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Anti-tumoral effects of exercise on hepatocellular carcinoma growth


Saran, Uttara; Guarino, Maria; Rodríguez, Sarai; Simillion, Cedric; Montani, Matteo; Foti, Michelangelo; Humar, Bostjan; St-Pierre, Marie V; Dufour, Jean-François (2018). Anti-tumoral effects of exercise on hepatocellular carcinoma growth. Hepatology Communications, 2(5):607-620.

Abstract

Regular physical exercise has many beneficial effects, including antitumor properties, and is associated with a reduced risk of developing hepatocellular carcinoma (HCC). Less is known about the impact of exercise on HCC growth and progression. Here, we investigated the effects of exercise on HCC progression and assessed whether any beneficial effects would be evident under sorafenib treatment and could be mimicked by metformin. American Cancer Institute rats with orthotopic syngeneic HCC derived from Morris Hepatoma‐3924A cells were randomly assigned to exercise (Exe) and sedentary groups, or sorafenib±Exe groups or sorafenib±metformin groups. The Exe groups ran on a motorized treadmill for 60 minutes/day, 5 days/week for 4 weeks. Tumor viable area was decreased by exercise, while cell proliferation and vascular density were reduced. Exercise increased the expression of phosphatase and tensin homolog deleted from chromosome 10 and increased the phosphorylation of adenosine monophosphate‐activated protein kinase, while the phosphorylation of protein kinase B, S6 ribosomal protein, and signal transducer and activator of transcription 3 were decreased. Transcriptomic analysis suggested major effects of exercise were on nontumoral liver rather than tumor tissue. Exercise demonstrated similar effects when combined with sorafenib. Moreover, similar effects were observed in the group treated with sorafenib+metformin, revealing an exercise‐mimicking effect of metformin. Conclusion: Exercise attenuates HCC progression associated with alterations in key signaling pathways, cellular proliferation, tumor vascularization, and necrosis. These beneficial effects are maintained when combined with sorafenib and can be mimicked by metformin. (Hepatology Communications 2018;2:607‐620)

Abstract

Regular physical exercise has many beneficial effects, including antitumor properties, and is associated with a reduced risk of developing hepatocellular carcinoma (HCC). Less is known about the impact of exercise on HCC growth and progression. Here, we investigated the effects of exercise on HCC progression and assessed whether any beneficial effects would be evident under sorafenib treatment and could be mimicked by metformin. American Cancer Institute rats with orthotopic syngeneic HCC derived from Morris Hepatoma‐3924A cells were randomly assigned to exercise (Exe) and sedentary groups, or sorafenib±Exe groups or sorafenib±metformin groups. The Exe groups ran on a motorized treadmill for 60 minutes/day, 5 days/week for 4 weeks. Tumor viable area was decreased by exercise, while cell proliferation and vascular density were reduced. Exercise increased the expression of phosphatase and tensin homolog deleted from chromosome 10 and increased the phosphorylation of adenosine monophosphate‐activated protein kinase, while the phosphorylation of protein kinase B, S6 ribosomal protein, and signal transducer and activator of transcription 3 were decreased. Transcriptomic analysis suggested major effects of exercise were on nontumoral liver rather than tumor tissue. Exercise demonstrated similar effects when combined with sorafenib. Moreover, similar effects were observed in the group treated with sorafenib+metformin, revealing an exercise‐mimicking effect of metformin. Conclusion: Exercise attenuates HCC progression associated with alterations in key signaling pathways, cellular proliferation, tumor vascularization, and necrosis. These beneficial effects are maintained when combined with sorafenib and can be mimicked by metformin. (Hepatology Communications 2018;2:607‐620)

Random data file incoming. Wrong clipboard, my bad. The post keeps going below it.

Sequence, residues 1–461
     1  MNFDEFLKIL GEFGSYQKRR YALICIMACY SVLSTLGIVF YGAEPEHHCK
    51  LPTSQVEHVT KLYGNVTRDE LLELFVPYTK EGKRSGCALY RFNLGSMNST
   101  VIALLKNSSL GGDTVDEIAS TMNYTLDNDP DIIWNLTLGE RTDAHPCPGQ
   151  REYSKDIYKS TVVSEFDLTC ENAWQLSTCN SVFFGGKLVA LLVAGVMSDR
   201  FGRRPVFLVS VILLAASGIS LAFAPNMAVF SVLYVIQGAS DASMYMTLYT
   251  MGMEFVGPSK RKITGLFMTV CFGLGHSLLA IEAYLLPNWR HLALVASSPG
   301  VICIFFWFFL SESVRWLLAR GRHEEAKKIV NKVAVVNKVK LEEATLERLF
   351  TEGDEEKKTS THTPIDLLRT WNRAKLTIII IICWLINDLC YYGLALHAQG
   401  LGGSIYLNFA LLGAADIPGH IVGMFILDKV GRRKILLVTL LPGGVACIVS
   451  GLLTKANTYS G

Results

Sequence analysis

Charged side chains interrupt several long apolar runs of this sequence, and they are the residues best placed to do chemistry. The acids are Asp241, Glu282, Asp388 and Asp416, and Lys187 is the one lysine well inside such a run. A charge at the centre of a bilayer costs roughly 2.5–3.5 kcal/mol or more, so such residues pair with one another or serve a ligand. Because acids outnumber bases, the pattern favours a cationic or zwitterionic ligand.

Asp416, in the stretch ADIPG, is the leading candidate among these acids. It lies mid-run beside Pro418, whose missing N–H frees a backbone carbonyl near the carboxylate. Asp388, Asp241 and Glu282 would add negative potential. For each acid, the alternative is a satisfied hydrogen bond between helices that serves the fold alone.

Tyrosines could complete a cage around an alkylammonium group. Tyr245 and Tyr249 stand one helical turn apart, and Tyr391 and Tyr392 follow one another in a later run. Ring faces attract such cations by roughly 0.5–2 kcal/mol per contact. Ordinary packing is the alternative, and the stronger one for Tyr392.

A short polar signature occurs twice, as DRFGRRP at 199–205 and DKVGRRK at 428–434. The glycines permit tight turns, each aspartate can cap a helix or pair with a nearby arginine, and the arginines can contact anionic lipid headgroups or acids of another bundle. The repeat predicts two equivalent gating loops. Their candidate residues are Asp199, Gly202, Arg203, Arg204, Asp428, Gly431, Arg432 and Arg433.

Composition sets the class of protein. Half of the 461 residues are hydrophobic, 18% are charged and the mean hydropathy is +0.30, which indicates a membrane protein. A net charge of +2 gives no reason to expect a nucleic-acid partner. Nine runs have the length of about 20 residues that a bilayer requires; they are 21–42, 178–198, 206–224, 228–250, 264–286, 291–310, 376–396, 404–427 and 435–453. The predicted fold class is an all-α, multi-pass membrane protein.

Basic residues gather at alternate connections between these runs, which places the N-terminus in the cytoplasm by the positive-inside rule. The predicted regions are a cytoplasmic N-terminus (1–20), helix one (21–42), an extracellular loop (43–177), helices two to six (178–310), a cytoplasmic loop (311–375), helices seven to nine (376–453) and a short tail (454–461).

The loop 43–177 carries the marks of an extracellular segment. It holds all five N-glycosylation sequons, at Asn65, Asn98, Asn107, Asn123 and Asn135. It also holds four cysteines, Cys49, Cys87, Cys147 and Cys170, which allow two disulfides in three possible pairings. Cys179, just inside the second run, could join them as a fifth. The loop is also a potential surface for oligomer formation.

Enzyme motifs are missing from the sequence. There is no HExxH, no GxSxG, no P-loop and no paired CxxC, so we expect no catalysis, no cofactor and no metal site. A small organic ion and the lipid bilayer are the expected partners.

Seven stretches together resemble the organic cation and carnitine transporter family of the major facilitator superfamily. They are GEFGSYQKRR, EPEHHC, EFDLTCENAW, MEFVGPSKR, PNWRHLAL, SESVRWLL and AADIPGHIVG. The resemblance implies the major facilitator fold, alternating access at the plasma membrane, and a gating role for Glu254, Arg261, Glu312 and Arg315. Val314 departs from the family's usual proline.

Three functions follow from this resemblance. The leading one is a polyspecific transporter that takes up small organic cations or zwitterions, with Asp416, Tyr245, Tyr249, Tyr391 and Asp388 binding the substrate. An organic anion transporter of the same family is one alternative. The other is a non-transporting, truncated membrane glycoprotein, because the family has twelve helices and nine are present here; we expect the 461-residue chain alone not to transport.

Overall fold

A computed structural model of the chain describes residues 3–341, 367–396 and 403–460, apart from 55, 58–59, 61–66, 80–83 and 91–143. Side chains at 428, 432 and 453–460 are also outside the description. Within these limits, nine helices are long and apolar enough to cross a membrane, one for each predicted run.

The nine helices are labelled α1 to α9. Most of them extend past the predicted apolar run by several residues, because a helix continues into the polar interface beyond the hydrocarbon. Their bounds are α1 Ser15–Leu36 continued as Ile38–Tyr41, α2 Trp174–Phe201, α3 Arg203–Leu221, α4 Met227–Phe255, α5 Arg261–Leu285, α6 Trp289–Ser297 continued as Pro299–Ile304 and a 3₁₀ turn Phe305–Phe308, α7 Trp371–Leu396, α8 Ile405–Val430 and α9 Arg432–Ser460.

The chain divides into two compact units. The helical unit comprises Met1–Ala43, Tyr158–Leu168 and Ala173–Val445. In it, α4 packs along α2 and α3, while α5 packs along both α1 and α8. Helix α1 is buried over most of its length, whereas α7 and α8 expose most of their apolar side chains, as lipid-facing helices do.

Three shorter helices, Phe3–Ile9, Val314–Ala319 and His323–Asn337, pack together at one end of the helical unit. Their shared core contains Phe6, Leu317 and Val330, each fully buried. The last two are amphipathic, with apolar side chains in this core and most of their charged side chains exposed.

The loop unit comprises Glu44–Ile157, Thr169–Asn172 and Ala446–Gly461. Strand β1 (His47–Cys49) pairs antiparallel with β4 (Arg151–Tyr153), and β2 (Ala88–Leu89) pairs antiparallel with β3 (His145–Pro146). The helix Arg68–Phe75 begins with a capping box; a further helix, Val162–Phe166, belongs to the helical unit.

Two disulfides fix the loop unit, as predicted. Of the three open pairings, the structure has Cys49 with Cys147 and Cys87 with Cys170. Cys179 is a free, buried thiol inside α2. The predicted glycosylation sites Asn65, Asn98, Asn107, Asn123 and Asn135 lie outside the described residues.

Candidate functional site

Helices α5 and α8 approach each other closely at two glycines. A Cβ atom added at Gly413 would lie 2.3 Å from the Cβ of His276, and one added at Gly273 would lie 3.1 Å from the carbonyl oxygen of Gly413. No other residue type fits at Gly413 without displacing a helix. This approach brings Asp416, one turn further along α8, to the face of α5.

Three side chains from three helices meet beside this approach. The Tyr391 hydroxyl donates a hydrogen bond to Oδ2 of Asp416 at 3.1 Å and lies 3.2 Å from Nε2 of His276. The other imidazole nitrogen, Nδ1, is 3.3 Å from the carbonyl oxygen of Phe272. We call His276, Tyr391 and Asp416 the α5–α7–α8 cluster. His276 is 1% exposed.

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Item Type:Journal Article, refereed, original work
Communities & Collections:04 Faculty of Medicine > University Hospital Zurich > Clinic for Visceral and Transplantation Surgery
Dewey Decimal Classification:610 Medicine & health
Language:English
Date:1 May 2018
Deposited On:05 Mar 2019 14:33
Last Modified:05 Mar 2019 14:33
Publisher:Wiley Open Access
ISSN:2471-254X
OA Status:Gold
Free access at:Publisher DOI. An embargo period may apply.
Publisher DOI:https://doi.org/10.1002/hep4.1159
PubMed ID:29761175

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